From the Bureaus

Syracuse Activists Skeptical of Executive Order on Police Reforms

Syracuse: 2 men in suits sit at table, one woman stands near 2 flags

Gabe Stern

Syracuse Mayor Ben Walsh (center) talked about his first executive order, on police reforms, at a press conference on Juneteenth.

SYRACUSE, N.Y. — The biggest promise of police reform came in Mayor Ben Walsh’s first executive order after 18 months in office. It happened on June 19, the first time the city recognized Juneteenth as a paid holiday.

But at a rally the following day, there was hardly a mention of the executive order. The event had been planned in advance by the local National Action Network chapter, the theme not beholden to local officials. 

Hundreds gathered downtown as speakers described their experiences with police, the need for a restructuring of the department and the importance of voter participation. For hours, there was no direct mention of the order.

ny bureauThen Yusuf Abdul-Qadir, director of the central New York office for the New York Civil Liberties Union, talked about his experience negotiating with local politicians, the danger of increased surveillance as Syracuse becomes a “smart” city and the structure of modern police departments. What he then said about the executive order several protesters later echoed.

“Let’s just be clear. We want to talk about people with cameras,” he said about a reform meant to increase body and dashboard cameras. “A camera isn’t gonna stop the violence. We don’t need no cameras.” 

Activists are skeptical about Walsh’s executive order, a preliminary promise for large-scale reforms to the Syracuse Police Department (SPD) that has a long process of implementation ahead. 

The order is an immediate response to 40 demands from local advocacy groups, Walsh said at a press conference last week. He will meet directly with advocacy groups as he works to put the measures in place, he said.

“Yes, I feel pressure. We all do. That’s the beauty of protests,” Walsh said last week. “That’s why over the course of the history of this country, often the most significant changes happen when people take to the streets and make their voices heard.”

Both old, new provisions in executive order

The order includes implementation of the Right to Know Act created by New York City, a review of the use-of-force policy and racism training for officers. 

Many of the order’s provisions double down on reform efforts that Walsh campaigned on or pushed as mayor: an increase in body cameras, a push for more diversity in the police department and a review of its year old use-of-force policy. Some goals are new, including a push for dashboard cameras, extended education on racism and a “new model for school safety and security.” Several activists, including the leaders of a youth-led march, have demanded that school resource officers are taken out of city schools.

At this point, the reforms are far from being enacted, aside from the Right to Know Act. 

“It’s a good fake effort. Now he needs to get us at the table and do some things differently,” said Cherylene “Twiggy” Billue, president of the Syracuse chapter of NAN. “We didn’t want to see one large executive order with all of those provisions, he needed to do an executive order for each. Now that we know with the swipe of a pen, he can change my life, I’m calling on our mayor to do it.”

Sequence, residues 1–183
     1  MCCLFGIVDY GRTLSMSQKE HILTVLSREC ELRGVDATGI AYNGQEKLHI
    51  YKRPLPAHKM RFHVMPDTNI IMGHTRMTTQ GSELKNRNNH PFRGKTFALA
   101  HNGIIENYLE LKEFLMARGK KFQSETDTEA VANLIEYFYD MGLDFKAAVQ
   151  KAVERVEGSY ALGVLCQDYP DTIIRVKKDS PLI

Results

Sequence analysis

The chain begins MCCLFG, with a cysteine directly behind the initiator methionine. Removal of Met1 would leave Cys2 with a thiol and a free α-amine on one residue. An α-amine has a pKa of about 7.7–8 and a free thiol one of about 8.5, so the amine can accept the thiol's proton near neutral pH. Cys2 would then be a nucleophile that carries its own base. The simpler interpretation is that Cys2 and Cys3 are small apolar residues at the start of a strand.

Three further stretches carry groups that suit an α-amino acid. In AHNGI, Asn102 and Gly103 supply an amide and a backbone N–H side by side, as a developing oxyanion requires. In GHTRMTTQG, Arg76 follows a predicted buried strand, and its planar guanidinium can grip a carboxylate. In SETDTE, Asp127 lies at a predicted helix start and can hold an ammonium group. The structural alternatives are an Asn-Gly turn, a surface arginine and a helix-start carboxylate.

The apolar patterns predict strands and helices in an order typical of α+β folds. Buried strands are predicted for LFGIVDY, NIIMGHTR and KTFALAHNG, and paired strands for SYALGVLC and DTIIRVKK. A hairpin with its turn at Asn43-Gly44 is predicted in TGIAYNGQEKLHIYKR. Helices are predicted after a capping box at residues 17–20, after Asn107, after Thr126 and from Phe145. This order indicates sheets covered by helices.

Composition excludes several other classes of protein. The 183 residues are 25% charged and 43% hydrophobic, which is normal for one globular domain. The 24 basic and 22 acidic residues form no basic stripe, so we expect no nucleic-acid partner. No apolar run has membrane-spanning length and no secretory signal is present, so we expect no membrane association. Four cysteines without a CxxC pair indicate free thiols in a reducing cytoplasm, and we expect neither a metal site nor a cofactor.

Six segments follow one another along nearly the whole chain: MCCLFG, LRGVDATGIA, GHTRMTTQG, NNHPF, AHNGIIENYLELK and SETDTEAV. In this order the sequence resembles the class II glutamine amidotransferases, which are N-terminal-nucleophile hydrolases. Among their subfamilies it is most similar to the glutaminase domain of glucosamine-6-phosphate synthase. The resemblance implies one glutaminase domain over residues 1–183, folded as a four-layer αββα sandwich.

Juneteenth marked the 20th day of marching for Last Chance for Change, an advocacy group of people under 35 (mostly in their 20s) that is separate from the Black Lives Matter movement. (The two groups often collaborate.) Working closely yet independently of the National Action Network, several of their organizers said the order was preliminary — and not all of what they are looking for.

Last Chance for Change is developing demands that don’t just change how SPD operates, but the city as a whole, including the school district, said Kayla Johnson, an organizer. Once they’re done marching for 40 days, they’ll focus on presenting additional demands to City Hall.

Other provisions of the executive order are:

  • Make sure SPD officers are recording with their body cameras for the entire encounter.
  • Check inventory and add provisions to all equipment in military surplus programs.
  • Make public and clear the city’s contract with the Syracuse Police Benevolent Association.
  • Make SPD policies available on its website.
  • Comply with New York state’s 50-a provision, which makes officer personnel records public.
  • Oppose attempts to weaken judicial consent decree.
  • Training on the history of racism in the U.S. and in Syracuse for all officers.

The Common Council played a large role in crafting the orders. Months ago they rejected a proposed contract between Walsh and the Benevolent Association, a contract that may be posted publicly as a result of the executive order. 

At last week’s press conference, Council President Helen Hudson said, “We have a very good working relationship, we have worked very well together for this whole period, and we will continue to keep moving forward. There are going to be some points that we do not agree on, and there will be points we will agree on.”

Jeff Piedmonte, president of the Syracuse Police Benevolent Association, called the executive order “feel-good legislation that doesn’t do anything.” 

“The morale in SPD is horrible,” he said. “No one wants to come to work because of the drama that is going on. … As far as the protests across the country I think media is absolutely distorting what is happening in the country.”

“Anyone can say they’re going to do something …” said Curtis Chaplain, an organizer for Last Chance for Change, on Sunday. “Not to say that [Walsh] won’t follow through, but only time will tell.”


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